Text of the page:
The University of Brighton Gallery is currently hosting a retrospective exhibition of the work of German sound artist Peter Vogel. Spindly frames dressed with transistors and capped with speakers eschew monumentality or anything as straightforward as a message. They are like electronic pets which respond to the presence of people. When a viewer casts a shadow over a photocell or claps hands before the tiny microphones soldered onto the frame, she or he is rewarded with pulsing beats and musical notes. The tonality and modulation of these pieces hints at Steve Reich or the Aphex Twin in a quiet moment. There are no instructions. Is the challenge is to unlock the hidden melodic and rhythmic pattern in the object or, perhaps, to create one’s own electronic music? It is never quite clear who is in command – you or the instrument?
One large piece – a ‘Shadow Orchestra’ – offers an elaborate interplay of shadows. The viewer sits before a control box with his or her hands hovering over light sensors: their actions stimulate a range of percussive fans, chimes and drums which are lit to create a large shadow on the wall. When the instrument is played, it produces something like a shadow theatre in the gallery.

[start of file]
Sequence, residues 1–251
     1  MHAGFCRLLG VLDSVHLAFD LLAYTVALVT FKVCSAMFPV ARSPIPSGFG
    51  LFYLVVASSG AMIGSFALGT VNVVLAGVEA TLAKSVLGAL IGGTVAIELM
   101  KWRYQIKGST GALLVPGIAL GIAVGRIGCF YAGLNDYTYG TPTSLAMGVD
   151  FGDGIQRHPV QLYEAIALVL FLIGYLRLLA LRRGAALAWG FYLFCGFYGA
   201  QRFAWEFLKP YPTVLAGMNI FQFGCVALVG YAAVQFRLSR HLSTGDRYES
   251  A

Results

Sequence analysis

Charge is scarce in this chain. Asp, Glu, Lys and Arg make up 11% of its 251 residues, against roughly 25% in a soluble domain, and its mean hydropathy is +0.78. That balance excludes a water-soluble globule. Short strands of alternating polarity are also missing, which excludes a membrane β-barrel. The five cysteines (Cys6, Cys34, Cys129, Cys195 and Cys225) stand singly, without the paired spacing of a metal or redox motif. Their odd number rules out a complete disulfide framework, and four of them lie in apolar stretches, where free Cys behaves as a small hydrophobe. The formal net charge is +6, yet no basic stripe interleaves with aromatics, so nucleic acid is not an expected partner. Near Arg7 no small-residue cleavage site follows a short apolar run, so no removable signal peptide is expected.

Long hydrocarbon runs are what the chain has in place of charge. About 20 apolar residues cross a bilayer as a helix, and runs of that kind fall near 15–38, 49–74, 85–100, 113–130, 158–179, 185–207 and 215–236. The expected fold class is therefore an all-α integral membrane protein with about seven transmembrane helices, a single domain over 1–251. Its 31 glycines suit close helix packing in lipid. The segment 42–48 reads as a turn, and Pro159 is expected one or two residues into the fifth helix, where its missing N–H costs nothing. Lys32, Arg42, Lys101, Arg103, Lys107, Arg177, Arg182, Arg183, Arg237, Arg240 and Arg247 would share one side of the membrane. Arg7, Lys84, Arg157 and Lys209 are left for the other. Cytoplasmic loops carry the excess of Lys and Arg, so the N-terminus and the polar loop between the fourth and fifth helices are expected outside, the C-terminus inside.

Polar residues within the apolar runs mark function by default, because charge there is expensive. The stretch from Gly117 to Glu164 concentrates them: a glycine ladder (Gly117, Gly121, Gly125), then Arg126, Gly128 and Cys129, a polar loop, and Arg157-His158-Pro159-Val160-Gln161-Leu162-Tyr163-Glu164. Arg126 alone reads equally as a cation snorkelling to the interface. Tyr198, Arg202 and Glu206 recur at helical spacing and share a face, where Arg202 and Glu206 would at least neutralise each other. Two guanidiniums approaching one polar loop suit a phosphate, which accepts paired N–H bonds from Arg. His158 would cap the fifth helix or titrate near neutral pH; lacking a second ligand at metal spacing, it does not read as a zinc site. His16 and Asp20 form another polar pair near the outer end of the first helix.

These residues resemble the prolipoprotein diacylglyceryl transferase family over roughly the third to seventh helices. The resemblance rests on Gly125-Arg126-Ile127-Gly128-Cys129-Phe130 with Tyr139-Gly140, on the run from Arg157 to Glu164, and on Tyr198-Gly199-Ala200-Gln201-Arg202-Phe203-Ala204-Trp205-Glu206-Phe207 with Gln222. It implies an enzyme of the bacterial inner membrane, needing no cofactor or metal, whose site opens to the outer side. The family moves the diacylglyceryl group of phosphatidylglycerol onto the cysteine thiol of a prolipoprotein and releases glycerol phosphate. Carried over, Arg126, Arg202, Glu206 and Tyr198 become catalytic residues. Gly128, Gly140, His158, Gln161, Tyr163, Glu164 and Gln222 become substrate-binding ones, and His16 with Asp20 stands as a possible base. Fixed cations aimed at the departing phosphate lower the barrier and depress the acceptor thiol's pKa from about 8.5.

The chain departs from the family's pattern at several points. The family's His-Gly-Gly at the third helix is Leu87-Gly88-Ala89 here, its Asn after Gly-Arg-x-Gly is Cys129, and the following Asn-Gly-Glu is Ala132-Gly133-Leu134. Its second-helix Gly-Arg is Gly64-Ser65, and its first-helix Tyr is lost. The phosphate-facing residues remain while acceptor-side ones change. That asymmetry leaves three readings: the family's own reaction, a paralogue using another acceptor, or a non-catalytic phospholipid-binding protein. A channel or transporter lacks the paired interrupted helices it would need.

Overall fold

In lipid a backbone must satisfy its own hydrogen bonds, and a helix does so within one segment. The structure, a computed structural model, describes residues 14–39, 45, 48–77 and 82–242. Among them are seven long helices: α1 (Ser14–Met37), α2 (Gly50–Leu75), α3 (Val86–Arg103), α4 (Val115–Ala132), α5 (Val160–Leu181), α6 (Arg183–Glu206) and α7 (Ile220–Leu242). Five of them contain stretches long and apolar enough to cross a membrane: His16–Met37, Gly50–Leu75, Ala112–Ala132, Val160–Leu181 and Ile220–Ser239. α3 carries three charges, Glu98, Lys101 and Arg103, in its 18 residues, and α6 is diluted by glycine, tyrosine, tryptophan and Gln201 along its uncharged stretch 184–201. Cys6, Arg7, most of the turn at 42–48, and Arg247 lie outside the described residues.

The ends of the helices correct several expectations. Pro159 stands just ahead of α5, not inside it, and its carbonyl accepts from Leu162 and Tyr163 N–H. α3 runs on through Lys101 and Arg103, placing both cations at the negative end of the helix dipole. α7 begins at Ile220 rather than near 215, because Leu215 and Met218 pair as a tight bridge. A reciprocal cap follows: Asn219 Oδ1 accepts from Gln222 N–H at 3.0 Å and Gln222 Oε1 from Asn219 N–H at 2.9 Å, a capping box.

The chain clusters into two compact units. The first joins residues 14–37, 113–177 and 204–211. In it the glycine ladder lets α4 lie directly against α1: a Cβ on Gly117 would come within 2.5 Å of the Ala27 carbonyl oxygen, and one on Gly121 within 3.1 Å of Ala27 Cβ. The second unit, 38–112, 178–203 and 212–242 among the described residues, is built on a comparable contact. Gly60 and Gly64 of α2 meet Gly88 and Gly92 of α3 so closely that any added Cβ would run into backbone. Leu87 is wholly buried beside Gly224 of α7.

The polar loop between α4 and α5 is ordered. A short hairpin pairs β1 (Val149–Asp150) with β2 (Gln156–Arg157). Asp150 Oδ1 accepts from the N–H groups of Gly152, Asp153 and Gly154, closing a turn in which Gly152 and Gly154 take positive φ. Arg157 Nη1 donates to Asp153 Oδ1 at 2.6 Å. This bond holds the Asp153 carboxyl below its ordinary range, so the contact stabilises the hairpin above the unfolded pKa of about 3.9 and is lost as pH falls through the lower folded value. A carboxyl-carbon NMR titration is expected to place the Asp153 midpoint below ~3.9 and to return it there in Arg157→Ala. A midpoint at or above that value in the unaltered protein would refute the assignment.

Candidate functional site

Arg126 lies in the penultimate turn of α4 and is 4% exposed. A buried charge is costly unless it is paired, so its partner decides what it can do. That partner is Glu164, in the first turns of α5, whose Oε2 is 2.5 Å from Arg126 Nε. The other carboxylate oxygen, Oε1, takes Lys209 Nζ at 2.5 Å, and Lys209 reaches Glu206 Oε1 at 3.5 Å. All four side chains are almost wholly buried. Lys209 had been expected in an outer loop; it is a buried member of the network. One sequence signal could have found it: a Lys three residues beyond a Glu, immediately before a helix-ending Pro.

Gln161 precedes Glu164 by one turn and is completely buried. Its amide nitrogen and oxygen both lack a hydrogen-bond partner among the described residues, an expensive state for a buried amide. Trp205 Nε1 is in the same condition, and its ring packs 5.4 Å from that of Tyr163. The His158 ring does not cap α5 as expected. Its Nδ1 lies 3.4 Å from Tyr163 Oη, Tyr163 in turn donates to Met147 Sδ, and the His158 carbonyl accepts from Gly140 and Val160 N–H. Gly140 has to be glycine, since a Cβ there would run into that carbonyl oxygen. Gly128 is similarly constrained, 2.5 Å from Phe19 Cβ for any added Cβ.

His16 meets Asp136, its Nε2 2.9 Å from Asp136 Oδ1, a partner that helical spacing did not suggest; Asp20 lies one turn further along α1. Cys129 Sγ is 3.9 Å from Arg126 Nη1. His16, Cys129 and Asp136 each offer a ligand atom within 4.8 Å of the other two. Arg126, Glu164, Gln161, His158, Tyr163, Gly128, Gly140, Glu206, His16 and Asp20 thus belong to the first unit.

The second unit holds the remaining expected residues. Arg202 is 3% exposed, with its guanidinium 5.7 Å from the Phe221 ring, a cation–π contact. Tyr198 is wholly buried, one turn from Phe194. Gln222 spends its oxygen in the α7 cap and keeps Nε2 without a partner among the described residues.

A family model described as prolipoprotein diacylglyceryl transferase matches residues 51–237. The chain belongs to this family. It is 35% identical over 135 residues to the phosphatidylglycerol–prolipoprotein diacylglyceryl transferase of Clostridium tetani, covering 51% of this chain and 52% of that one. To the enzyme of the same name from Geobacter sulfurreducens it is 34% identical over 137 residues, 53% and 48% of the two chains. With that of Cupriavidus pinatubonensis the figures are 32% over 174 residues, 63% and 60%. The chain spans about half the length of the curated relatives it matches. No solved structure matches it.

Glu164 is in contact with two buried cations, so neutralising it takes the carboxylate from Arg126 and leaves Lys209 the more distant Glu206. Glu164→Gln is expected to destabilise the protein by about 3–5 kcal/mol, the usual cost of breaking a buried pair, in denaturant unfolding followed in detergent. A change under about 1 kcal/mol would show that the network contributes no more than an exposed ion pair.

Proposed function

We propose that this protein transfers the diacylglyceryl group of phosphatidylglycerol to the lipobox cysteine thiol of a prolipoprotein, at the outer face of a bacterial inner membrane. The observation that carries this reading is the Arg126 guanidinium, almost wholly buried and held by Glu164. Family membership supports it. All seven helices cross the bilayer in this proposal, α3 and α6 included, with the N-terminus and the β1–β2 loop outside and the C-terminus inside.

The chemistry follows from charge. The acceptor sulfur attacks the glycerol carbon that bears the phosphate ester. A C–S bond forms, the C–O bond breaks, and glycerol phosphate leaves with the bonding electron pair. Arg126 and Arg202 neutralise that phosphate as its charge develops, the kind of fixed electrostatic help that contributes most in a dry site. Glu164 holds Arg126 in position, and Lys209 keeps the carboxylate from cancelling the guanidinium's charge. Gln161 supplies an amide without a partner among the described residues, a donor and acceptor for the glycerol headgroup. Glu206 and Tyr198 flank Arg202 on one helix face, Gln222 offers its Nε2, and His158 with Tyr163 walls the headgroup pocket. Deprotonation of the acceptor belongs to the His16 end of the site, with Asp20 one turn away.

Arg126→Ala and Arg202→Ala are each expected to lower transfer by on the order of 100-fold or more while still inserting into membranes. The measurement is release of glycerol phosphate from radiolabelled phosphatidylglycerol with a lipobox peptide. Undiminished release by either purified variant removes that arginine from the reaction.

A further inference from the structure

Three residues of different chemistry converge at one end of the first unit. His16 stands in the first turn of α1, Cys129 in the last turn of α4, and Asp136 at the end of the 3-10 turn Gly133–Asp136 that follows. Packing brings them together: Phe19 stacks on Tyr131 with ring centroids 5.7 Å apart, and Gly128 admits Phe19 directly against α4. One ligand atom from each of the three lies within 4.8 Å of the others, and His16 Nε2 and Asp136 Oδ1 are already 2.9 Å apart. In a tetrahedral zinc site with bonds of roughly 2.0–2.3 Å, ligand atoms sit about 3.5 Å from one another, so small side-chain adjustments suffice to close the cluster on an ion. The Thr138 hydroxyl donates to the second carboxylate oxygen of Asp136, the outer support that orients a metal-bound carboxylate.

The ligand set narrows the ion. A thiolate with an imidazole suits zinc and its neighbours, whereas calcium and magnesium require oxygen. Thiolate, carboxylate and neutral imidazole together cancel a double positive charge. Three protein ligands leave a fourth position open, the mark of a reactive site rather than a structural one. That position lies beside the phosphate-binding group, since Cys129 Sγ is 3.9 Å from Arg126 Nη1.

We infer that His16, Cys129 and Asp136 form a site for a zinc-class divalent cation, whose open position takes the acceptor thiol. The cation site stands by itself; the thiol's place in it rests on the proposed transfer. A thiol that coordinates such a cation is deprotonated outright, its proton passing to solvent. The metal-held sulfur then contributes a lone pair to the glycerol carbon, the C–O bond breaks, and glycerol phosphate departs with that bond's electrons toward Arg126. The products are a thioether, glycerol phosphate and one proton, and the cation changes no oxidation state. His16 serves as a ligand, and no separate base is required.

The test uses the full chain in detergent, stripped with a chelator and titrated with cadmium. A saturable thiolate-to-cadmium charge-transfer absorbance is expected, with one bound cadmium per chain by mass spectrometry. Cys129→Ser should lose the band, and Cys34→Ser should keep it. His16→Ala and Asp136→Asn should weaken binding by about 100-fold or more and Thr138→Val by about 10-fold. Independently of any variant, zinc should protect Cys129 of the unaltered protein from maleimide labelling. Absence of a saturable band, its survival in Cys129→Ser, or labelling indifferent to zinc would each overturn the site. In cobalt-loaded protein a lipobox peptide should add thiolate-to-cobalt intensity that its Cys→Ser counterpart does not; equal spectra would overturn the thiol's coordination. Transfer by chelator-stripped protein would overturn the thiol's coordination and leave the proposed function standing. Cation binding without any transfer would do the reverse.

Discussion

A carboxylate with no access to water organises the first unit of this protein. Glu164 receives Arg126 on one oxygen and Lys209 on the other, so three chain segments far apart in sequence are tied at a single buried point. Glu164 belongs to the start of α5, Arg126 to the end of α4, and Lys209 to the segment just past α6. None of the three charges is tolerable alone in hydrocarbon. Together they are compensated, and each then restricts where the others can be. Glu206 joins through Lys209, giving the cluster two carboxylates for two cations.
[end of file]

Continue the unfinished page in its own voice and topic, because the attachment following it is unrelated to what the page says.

The history of sound art is full of these kinds of modest experiments with interaction. What makes Vogel’s work so charming is the close connection between form and effect. They look like three-dimensional diagrammes featuring actual transistors and speakers, whilst the linear frame suggests the transmission lines of sound or electricity. Transistors also have the unusual advantage in the world of electronics of being visually appealing things. They come in bright colours and sweet-like shapes.
The Brighton exhibition represents new wave of interest in Vogel’s work. With a background in physics in the 1960s, he was a cyberneticist interested in the operation of the brain. In the 1970s his art works were something like experiments exploring the potential of interaction using current technology: today they look like artefacts from another age. Transistors are, for instance, made today at the nanoscale beyond the powers of human sight.
Watch Vogel play his ‘Sound Wall’ in documentary ‘The Sound of Shadows’ made by Jean Martin and Conall Gleeson in 2010.
Images from the University of Brighton website